SIA feature2

ATRAD’s Steerable Ionospheric Analyser (SIA) has been designed specifically to observe ionospheric irregularities and their east-west drift in the E and F regions. The radar operates as a coherent Doppler back-scatter radar, with the radar beam directed perpendicularly to the geomagnetic field at E or F region heights. The beam elevation will vary according to the location where the observations will be made. The typical configuration for this system uses a 24kW solid-state transmitter and a 24 five-element Yagi antenna array (SIA 24/6). The SIA 24/6 is designed to support fixed elevation systems with a steered azimuthal beam. Contact ATRAD for alternative configurations where fixed beam or a variable elevation angle is required.

The Ionospheric Radar is available in a monostatic configuration and a bi-static configuration where independent transmitter and receiver systems are synchronised by GPS Frequency references at the transmit and receive sites. A Receive Only configuration is also available for applications where an existing radar transmitter source is to be used.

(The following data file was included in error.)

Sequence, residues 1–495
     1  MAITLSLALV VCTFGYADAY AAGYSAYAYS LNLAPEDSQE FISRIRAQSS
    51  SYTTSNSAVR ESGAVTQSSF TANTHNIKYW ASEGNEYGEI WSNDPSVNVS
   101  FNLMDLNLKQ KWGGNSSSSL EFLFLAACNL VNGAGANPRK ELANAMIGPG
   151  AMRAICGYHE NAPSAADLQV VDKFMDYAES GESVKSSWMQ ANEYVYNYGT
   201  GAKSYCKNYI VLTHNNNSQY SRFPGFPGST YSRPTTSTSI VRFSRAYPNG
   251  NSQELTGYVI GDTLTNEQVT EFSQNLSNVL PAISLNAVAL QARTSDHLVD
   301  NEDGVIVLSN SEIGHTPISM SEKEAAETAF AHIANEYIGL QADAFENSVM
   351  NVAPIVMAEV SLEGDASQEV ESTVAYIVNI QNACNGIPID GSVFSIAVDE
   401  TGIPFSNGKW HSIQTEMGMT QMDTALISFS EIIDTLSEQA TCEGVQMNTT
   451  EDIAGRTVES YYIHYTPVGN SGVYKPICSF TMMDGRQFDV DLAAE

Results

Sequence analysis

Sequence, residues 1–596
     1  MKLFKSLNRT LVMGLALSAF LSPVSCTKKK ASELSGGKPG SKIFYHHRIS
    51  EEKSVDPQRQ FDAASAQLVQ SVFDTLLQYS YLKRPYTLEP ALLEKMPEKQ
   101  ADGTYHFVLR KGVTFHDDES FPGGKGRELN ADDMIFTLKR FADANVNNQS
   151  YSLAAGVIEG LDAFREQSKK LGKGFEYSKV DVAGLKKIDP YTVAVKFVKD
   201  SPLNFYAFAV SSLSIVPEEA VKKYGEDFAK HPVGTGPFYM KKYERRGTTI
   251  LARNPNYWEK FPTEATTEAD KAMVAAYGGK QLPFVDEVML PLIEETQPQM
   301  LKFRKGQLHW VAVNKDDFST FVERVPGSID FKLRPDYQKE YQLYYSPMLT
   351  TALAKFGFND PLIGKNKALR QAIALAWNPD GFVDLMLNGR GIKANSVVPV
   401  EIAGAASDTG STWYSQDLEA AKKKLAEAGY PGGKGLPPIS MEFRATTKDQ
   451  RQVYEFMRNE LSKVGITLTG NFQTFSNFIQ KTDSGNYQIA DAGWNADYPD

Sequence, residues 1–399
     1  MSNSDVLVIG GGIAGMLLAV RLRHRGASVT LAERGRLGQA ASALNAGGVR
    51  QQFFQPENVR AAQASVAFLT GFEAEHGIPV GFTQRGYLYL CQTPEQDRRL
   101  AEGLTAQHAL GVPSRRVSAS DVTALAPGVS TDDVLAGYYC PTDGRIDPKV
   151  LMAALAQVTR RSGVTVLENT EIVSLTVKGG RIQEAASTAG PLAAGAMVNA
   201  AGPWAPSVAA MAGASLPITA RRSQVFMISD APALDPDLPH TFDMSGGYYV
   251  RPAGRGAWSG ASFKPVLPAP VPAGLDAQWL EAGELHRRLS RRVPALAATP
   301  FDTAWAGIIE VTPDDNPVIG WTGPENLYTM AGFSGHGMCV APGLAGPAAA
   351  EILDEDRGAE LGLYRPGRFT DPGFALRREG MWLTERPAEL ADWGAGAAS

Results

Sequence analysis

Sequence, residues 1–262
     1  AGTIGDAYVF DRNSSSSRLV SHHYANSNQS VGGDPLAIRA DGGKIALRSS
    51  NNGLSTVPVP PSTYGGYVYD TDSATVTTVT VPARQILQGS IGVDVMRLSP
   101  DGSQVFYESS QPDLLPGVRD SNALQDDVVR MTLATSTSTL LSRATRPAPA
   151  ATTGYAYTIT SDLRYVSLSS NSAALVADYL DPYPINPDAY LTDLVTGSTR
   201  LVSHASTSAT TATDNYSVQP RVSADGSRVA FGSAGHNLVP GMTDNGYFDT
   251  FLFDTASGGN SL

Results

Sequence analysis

Key Features:

  • Observation of  ionospheric irregularities in the E & F regions
  • Monostatic, bistatic and receive only configurations
  • Azimuthal steering, fixed elevation angle
  • Remote GPS synchronisation
  • 80—850 km sounding range
  • Remote monitoring and control
  • Online data analysis
  • Data acquisition and analysis

 
Exciter: Single Channel, 16-Bit
Pulse Repetition Frequency: 5 kHz (max)
Sounding Range: 90-850km; 110km at 80°
Range Resolution: 150m – 4,000m (software selectable)
Range Gates: Up to 6,000
Remote Control: Remote monitoring and control via internet, Ethernet or dialup modem

  • Transmitter/Receiver

 
Receiver: 6-Channel, 16-bit
Frequency: 30-60 MHz (Fixed frequency)
Transmitter power: 20kW to 100kW
AC Mains Power: 220-240V AC or 110-120V AC 3-Phase

  • Antenna array

 
Array Configuration: Rectangular array of 24 to 256 antennas.
Elevation Range: 0-45° off-zenith
Antenna beam width: ≥ 5°
Steering Resolution: Typically 20-50 steps across the steering range.